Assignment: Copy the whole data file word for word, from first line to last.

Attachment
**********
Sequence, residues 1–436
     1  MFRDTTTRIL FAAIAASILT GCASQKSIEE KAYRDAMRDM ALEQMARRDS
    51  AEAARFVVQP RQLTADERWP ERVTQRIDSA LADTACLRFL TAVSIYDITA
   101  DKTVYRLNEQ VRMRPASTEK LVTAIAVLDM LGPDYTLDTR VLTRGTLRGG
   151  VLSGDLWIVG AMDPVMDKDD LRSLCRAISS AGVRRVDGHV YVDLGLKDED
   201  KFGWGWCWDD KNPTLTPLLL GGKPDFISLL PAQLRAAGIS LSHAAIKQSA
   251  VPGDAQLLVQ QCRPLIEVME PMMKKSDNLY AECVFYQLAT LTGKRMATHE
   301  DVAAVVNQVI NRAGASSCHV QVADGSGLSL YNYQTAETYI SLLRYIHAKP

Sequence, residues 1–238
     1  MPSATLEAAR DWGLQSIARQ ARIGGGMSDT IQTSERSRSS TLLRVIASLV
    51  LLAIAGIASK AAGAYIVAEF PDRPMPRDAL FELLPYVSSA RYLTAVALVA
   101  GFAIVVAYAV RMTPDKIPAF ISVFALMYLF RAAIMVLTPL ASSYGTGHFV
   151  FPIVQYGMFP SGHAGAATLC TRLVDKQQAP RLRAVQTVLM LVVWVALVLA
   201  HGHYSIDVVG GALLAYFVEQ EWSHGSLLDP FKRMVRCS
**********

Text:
Sequence, residues 1–436
     1  MFRDTTTRIL FAAIAASILT GCASQKSIEE KAYRDAMRDM ALEQMARRDS
    51  AEAARFVVQP RQLTADERWP ERVTQRIDSA LADTACLRFL TAVSIYDITA
   101  DKTVYRLNEQ VRMRPASTEK LVTAIAVLDM LGPDYTLDTR VLTRGTLRGG
   151  VLSGDLWIVG AMDPVMDKDD LRSLCRAISS AGVRRVDGHV YVDLGLKDED
   201  KFGWGWCWDD KNPTLTPLLL GGKPDFISLL PAQLRAAGIS LSHAAIKQSA
   251  VPGDAQLLVQ QCRPLIEVME PMMKKSDNLY AECVFYQLAT LTGKRMATHE
   301  DVAAVVNQVI NRAGASSCHV QVADGSGLSL YNYQTAETYI SLLRYIHAKP

Sequence, residues 1–238
     1  MPSATLEAAR DWGLQSIARQ ARIGGGMSDT IQTSERSRSS TLLRVIASLV
    51  LLAIAGIASK AAGAYIVAEF PDRPMPRDAL FELLPYVSSA RYLTAVALVA
   101  GFAIVVAYAV RMTPDKIPAF ISVFALMYLF RAAIMVLTPL ASSYGTGHFV
   151  FPIVQYGMFP SGHAGAATLC TRLVDKQQAP RLRAVQTVLM LVVWVALVLA
   201  HGHYSIDVVG GALLAYFVEQ EWSHGSLLDP FKRMVRCS